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Pinter at the Pinter One and Two review at the Harold Pinter Theatre – ‘ambitious, unsettling and powerfully performed’

Paapa Essiedu and Kate O'Flynn in Pinter One. Photo: Marc Brenner Paapa Essiedu and Kate O'Flynn in Pinter One. Photo: Marc Brenner

“One has to be so scrupulous about language,” purrs the interrogator in one of Harold Pinter’s most chilling short plays, the devastating One for the Road. Words  are powerful things.

Intended to celebrate and commemorate Harold Pinter on the 10th anniversary of his death at the theatre that now bears his name, Jamie Lloyd’s ambitious Pinter at the Pinter season features all 20 of his one-act plays, as well as a series of little-known poems and sketches. These have been split into seven productions featuring a remarkable cast including many of Pinter’s former collaborators.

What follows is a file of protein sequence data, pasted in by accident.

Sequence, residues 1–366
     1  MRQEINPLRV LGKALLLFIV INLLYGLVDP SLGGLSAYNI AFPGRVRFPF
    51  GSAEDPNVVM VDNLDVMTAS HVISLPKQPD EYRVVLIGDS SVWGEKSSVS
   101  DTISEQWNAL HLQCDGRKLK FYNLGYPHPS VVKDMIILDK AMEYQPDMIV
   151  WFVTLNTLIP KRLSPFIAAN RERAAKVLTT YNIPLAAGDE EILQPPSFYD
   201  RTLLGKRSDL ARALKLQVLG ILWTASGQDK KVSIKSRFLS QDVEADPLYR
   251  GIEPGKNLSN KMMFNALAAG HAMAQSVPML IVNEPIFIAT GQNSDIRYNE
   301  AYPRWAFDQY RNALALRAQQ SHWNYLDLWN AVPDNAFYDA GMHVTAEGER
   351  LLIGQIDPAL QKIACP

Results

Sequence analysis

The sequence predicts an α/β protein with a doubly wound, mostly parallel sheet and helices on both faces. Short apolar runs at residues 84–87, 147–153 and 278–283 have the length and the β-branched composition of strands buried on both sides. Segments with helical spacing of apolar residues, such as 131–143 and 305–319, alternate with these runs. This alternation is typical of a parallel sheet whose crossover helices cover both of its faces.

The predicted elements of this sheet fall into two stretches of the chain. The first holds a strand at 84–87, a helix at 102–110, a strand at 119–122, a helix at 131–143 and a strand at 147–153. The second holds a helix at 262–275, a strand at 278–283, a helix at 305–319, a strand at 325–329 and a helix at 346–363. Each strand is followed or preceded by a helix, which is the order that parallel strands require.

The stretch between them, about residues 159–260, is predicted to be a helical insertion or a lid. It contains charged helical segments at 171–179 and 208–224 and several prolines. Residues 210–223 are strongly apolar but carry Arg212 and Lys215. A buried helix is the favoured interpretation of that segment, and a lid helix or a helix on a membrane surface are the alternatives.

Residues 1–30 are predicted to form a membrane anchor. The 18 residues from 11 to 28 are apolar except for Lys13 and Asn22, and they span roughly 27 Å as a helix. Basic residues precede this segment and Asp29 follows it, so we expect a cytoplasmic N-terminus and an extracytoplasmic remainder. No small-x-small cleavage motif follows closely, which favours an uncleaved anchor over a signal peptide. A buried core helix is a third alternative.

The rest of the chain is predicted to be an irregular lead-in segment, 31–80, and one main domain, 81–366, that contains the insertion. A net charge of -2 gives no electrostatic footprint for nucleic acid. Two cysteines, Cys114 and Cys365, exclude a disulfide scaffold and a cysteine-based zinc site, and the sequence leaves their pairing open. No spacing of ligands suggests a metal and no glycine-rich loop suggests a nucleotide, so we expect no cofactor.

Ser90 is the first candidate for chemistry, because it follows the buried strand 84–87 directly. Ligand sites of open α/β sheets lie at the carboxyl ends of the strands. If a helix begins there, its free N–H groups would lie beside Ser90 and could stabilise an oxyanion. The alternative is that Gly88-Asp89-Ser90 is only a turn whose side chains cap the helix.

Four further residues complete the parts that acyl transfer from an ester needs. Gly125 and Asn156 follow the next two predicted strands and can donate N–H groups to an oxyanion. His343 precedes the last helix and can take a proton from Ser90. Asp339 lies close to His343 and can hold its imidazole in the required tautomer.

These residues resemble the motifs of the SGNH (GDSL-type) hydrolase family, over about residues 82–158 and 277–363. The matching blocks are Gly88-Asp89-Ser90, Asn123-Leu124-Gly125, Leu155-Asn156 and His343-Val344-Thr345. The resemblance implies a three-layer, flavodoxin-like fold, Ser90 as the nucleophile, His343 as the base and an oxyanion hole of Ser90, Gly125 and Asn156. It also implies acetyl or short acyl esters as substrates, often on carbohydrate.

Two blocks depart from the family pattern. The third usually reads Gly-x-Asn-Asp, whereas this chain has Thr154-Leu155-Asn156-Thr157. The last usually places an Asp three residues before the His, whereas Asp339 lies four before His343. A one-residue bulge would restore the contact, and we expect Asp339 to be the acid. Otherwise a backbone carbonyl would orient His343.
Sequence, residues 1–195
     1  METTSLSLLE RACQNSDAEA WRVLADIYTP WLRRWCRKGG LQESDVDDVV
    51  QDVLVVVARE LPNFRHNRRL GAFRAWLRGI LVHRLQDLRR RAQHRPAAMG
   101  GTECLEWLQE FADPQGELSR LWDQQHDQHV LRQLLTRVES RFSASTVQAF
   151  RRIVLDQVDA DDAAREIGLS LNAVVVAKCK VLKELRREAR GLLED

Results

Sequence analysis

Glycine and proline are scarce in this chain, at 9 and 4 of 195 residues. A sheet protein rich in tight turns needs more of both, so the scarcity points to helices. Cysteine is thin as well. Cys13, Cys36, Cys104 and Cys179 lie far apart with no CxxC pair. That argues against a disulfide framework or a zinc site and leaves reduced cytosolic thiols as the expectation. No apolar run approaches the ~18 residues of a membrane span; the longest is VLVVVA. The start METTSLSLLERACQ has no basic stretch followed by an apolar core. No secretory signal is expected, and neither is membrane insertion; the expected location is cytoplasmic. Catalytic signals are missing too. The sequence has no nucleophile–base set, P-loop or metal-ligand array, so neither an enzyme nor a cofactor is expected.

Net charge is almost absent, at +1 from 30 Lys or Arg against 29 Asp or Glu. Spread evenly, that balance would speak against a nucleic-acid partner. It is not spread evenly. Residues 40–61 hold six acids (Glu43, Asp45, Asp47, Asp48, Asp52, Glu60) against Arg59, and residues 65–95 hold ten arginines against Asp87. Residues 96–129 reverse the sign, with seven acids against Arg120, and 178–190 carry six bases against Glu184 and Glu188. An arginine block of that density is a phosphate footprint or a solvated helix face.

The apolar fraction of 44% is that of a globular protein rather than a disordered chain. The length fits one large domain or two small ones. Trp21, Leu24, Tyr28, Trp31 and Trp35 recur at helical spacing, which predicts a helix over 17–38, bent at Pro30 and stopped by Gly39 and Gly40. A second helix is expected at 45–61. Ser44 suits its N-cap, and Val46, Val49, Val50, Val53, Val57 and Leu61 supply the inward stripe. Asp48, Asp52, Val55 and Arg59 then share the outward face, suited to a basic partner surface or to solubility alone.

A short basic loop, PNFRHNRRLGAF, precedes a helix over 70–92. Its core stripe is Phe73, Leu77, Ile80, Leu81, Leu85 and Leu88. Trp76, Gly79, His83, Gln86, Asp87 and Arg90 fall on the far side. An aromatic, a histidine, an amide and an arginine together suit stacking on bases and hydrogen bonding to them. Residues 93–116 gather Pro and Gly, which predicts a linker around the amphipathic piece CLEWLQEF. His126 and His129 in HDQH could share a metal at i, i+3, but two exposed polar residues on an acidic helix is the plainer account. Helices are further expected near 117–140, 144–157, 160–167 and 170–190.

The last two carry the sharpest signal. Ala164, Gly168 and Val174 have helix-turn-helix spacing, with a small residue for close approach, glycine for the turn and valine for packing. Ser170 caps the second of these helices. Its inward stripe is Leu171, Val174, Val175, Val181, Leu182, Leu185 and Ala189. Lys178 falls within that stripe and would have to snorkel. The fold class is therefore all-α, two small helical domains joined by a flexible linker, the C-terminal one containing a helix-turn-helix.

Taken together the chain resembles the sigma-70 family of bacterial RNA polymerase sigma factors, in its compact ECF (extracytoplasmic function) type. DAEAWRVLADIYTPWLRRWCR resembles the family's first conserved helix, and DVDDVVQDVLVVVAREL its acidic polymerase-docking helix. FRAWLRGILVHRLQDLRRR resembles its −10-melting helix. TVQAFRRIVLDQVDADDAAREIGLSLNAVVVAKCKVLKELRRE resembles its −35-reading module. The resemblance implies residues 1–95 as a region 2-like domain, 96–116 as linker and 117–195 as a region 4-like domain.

The first batch of plays, Pinter One (★★★★), focuses on his late political work. It’s pretty harrowing stuff and not the most obvious way to launch the season, but its best moments are very effective.

These plays are peopled by suited, sinister men who intimidate, torture and gleefully misuse their power. The threat of rape permeates many of these plays. Women are ripe for violation, as a way of breaking both them and the men who love them.

In Mountain Language, for example, Kate O’Flynn and Maggie Steed play two women trying to visit their imprisoned sons and husbands in a world in which their language is banned by the state. Paapa Essiedu spends several of these early pieces lashed to a chair, bloodied or quivering with fear. Soutra Gilmour’s versatile yet bunker-like set adds to the ominous atmosphere.

Given the intention of the project to include everything he wrote, there’s an inevitable variability to the work. Newly discovered satirical piece The Pres and an Officer is a case in point. It feels pretty flimsy. Lloyd plays it for laughs, casting Jon Culshaw as the Calippo-skinned president of the United States. He has a mastery of Donald Trump’s gestures, the petulant puffing of his cheeks, but it’s a cartoon, albeit a disturbing one, useful mainly for diffusing the tension before the unrelenting One for the Road.